Denisovan Ancestry in East Eurasian and Native American Populations

01 March 2012

American Pueblo Zuni might have appreciated this rock found in an Indiana creek bed

A rock found in an Indiana creek bed has no other context information. The Zuni, with an art modality of incorporating natural forms into their animal fetish art, might have found something like this to be significant. (click photo to expand)

"Native Americans have long carried interesting or unusual “charm stones” believing they bring luck, power or protection. The A-shi-wi, Zuni Pueblo Indians, like most Native American Indians, feel that animals and plants have spiritual nature. A fetish is an object, natural or shaped by man, in which an animal spirit is thought to reside. Stones that naturally resemble animals are “concretion” fetishes. Concretions and stones that require very little carving to bring out an image are considered more powerful than fetishes that require a great deal of carving. (empahsis added)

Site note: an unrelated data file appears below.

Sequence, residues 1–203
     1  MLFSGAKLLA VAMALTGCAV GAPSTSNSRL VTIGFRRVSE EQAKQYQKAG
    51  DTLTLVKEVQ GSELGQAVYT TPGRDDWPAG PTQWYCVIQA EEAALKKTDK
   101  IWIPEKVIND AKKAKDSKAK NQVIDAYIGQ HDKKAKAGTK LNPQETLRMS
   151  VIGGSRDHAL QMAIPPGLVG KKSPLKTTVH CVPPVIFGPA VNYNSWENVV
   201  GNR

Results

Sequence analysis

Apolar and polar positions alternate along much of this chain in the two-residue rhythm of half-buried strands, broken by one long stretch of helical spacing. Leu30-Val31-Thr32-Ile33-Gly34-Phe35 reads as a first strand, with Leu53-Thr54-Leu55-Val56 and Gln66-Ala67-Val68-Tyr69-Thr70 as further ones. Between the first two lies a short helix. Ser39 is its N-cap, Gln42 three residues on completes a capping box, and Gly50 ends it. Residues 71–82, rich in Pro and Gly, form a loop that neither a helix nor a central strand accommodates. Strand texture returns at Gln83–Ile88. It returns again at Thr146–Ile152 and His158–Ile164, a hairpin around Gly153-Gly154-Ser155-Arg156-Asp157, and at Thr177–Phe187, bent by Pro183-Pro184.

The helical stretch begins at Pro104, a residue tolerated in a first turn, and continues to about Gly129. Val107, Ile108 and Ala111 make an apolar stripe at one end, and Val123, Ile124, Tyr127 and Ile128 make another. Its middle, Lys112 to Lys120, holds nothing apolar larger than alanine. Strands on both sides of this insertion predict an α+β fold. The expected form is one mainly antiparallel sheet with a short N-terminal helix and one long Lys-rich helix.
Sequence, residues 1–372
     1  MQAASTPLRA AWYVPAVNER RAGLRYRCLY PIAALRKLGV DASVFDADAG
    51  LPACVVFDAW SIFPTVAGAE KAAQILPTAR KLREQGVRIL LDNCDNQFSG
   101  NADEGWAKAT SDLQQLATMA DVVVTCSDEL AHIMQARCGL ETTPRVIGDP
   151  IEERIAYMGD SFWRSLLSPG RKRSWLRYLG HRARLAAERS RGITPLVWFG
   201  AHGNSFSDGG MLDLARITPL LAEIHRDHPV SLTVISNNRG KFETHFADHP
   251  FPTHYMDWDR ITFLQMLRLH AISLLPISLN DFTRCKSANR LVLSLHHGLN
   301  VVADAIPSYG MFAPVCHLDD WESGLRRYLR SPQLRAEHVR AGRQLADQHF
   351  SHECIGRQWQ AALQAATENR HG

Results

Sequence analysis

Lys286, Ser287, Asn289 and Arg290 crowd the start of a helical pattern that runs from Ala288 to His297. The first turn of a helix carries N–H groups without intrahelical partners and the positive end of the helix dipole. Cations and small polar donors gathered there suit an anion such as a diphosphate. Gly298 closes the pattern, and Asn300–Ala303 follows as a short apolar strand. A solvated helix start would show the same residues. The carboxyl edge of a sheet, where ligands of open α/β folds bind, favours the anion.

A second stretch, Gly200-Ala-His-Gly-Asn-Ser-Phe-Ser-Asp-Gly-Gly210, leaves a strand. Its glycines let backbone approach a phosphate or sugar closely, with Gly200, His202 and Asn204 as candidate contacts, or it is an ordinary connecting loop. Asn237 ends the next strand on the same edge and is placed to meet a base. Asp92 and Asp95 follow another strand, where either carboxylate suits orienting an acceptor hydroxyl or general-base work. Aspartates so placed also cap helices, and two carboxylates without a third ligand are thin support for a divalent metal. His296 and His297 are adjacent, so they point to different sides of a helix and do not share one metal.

In short, the reason goes back to when the Zuni believe that the world was once covered by floodwaters that left it swampy. The Sun Father, revered by the Zuni as the giver of life and light, created twin sons giving them a magic shield, a bow {the rainbow} and arrows {lightning}. The Twins realized the world was too wet for mankind to survive so they placed their shield, the rainbow, crossed lightning arrows on top of the rainbow and shot an arrow into the point where they crossed and lightning flew out creating a tremendous fire. This dried the earth but made it too easy for predators to catch and eat people. To save humanity, the Twins struck these animals with their lightning, shriveling them into stone. But deep within, the animal’s hearts were kept alive, with instructions to help mankind with the magic captured within them. When a Zuni finds a stone that naturally resembles an animal, this is one of these ancient stone animals." (From


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